Home Featured TV Shows All TV Shows Movie Reviews Book Reviews Articles Frequently Asked Questions About Us

Doctor Who: The Romans

"Romanii ite domum"
aka "Carry On Caesar"

Season 2, Story L

Starring William Hartnell as the Doctor

With William Russell (Ian), Jacqueline Hill (Barbara) and Maureen O'Brien (Vicki)

Written by Dennis Spooner
Directed by Christopher Barry
Produced by Verity Lambert

Broadcast Dates and Episode Titles
  1. The Slave Traders - 16 Jan 1965
  2. All Roads Lead To Rome - 23 Jan 1965
  3. Conspiracy - 30 Jan 1965
  4. Inferno - 6 Feb 1965
How To Watch "The Romans" is available to stream on Britbox (subscription required) and is in rotation (as of May 2022) on Pluto.tv

Plot Summary

The Doctor and company are enjoying a holiday, squatting in an empty villa outside ancient Rome. Barbara and Vicki draw the interest of two slave traders while shopping in the market. After the Doctor and Vicki set foot for a visit to Rome, the traders kidnap Barbara and Ian. Ian becomes a galley slave while Barbara is sold to the court of Nero. Ian and a fellow slave named Delos are washed ashore following a shipwreck, and are recaptured and fated to become gladiators at best, lion food at worst. Barbara quickly attracts the amorous attention of Nero, much to the chagrin of his wife Poppaea. The Doctor is mistaken for a famous lutist Maximus Pettulian, which would be flattering were it not that Nero had already ordered the real Pettulian murdered, and is quite dismayed at his arrival. Vicki meets the court poisoner and assists her in concocting a brew, commissioned by Poppaea, intended for Nero's mistress, not realizing it's Barbara. The Doctor further humiliates Nero with a unique performance on the lute, but later accidentally inspires Nero to set Rome ablaze to make room for his new grand architectural vision. Our heroes all meet up and escape the inferno. They head back to the villa, excavate the TARDIS, and set off for new adventures.

Analysis and Notes and Stuff

So... the Historicals in the b/w era fall into two categories. Sure, they all basically have the same plot: get separated from the TARDIS, encounter historical events and/or famous people, and attempt to get back to the TARDIS without dying or changing history, but some historicals focus on drama and historical accuracy (viz "The Aztecs" or "Marco Polo") while others occasionally become farces, the majority of which were written by script editor Dennis Spooner. "The Romans" is the latter. This would never pass muster with Edward Gibbon, nor Robert Graves for that matter. Caesar's Palace in Las Vegas might be a more historically accurate rendering.

It may be Doctor Who's first (intentional) foray into comedy, but the humor is on a knife's edge. There's a surprising amount of death, menace and violence for what's largely a sex comedy in togas. Some deaths are even slapstick, which must've been a shocking change of tone barely weeks after Daleks were menacing the streets of London. One cannot deny the incongruity. (Though note, comedy and Daleks would hook up later...)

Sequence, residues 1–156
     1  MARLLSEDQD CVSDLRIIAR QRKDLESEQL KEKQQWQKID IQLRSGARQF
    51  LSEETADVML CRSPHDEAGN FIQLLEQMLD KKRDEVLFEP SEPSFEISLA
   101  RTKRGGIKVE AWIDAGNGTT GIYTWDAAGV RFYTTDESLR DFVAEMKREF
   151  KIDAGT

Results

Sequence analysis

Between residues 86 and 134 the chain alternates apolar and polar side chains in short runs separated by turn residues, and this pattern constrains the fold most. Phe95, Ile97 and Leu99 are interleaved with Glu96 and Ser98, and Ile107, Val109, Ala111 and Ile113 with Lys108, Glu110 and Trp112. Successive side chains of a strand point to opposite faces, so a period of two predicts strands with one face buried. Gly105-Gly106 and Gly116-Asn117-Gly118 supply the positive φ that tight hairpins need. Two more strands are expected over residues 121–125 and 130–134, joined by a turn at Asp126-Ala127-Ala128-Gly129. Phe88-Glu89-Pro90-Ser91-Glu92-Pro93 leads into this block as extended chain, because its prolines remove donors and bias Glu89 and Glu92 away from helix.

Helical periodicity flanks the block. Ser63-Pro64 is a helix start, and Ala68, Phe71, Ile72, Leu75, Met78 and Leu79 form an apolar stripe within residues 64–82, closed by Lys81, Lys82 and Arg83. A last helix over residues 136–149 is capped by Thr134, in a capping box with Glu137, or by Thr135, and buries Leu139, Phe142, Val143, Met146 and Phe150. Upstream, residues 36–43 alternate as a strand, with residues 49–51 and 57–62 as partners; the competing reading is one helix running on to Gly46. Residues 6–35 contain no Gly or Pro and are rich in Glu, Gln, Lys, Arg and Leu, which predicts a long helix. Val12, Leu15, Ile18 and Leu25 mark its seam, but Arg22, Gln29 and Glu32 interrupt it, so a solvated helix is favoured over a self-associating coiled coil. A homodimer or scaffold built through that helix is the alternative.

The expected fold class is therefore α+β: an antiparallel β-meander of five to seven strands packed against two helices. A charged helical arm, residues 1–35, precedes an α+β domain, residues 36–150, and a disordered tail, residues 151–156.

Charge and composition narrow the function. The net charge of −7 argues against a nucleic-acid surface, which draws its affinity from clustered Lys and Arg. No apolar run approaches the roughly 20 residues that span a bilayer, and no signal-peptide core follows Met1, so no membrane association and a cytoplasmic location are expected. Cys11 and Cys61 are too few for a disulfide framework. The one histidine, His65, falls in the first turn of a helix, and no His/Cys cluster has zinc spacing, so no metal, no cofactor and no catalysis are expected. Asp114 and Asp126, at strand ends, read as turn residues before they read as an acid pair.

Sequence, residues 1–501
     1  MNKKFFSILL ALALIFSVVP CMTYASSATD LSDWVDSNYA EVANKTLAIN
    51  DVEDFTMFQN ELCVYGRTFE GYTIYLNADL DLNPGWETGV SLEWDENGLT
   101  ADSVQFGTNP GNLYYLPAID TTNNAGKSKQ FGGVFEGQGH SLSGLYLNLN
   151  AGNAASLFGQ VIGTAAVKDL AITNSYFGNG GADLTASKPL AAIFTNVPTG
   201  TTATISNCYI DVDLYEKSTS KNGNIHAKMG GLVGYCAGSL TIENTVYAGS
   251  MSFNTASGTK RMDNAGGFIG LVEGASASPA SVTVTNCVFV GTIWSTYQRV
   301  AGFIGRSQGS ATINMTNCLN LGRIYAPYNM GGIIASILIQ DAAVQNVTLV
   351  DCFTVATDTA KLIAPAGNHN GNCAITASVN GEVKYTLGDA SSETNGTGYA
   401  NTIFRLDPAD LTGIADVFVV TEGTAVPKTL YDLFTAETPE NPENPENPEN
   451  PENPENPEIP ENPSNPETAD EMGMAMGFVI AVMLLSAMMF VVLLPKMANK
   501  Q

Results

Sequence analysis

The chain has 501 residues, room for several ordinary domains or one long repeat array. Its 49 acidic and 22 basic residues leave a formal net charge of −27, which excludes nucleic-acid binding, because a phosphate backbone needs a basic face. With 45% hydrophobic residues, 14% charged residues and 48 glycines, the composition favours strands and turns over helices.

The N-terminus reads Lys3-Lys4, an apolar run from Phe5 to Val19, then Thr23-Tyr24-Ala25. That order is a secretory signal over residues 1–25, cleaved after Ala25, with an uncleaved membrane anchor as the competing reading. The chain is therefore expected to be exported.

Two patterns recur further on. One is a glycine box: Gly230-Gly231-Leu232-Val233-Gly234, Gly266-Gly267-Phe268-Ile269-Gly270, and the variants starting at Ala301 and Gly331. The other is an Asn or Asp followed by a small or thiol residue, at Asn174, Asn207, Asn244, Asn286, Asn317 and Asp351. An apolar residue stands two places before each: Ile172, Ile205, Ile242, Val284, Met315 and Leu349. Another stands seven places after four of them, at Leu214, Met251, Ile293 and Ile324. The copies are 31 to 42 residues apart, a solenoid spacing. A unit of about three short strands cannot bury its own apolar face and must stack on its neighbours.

"The Romans" lets the characters relax, for a little while at least. They've been enjoying days if not weeks of lounging around draped in togas, indulging in the old trope of eating grapes. Even Vicki eventually calls them out; she was promised adventure and seeing the universe! And this is no AirB&B, they've been squatting, no less. I hope they at least left a note when they left.

It also allows the actors to have what they appear to have had very little of until then: fun! Watch Hartnell exhibit some uncharacteristic spryness when dispatching a would-be assassin, sputtering some nonsense about taking fisticuff lessons from the Mad Mauler of Montana. Ian gets some decent swordplay, Barbara avoids Nero, Vicki... does whatever Vicki does. And it even features a notable guest star with Derek Francis of the Carry On film series hamming things up as Nero.

Viewership stayed high; at an average of 11.6 million, this was by far the most-watched historical in Who history. The momentum would carry into the next serial, which would definitely be a test.

Haven't I Seen You Somewhere In The Future?

The mute assassin Ascaris was played by Barry Jackson, who would also appear in "Mission to the Unknown" as Garvey, plus the Cockney renegade timelord Drax in "The Armageddon Factor."

Peter Diamond (Delos) regularly worked on Doctor Who as either a performer or stunt arranger.

Kay Patrick (Poppaea) would appear as Flower in the lost Hartnell adventure "The Savages."

Gertan Klauber (Galley Master) would appear as Ola, head of security, in "The Macra Terror."

Rating

Three out of four uniquely played lutes

----
John Geoffrion is a semi-retired semi-professional thespian, a professional data guy, and a Dad. He usually falls asleep to the Classic Doctor Who channel on Pluto.tv

1 comment:

  1. Let's just be up front about it. Ian and Barbara are clearly post coital after The Doctor and Vicki have left for Rome. It's coming off of them in waves.

    ReplyDelete

We love comments! We actively monitor, and feed mean, nasty comments to our cats. It’s never too late to comment on an old show, but please don’t spoil future episodes for newbies.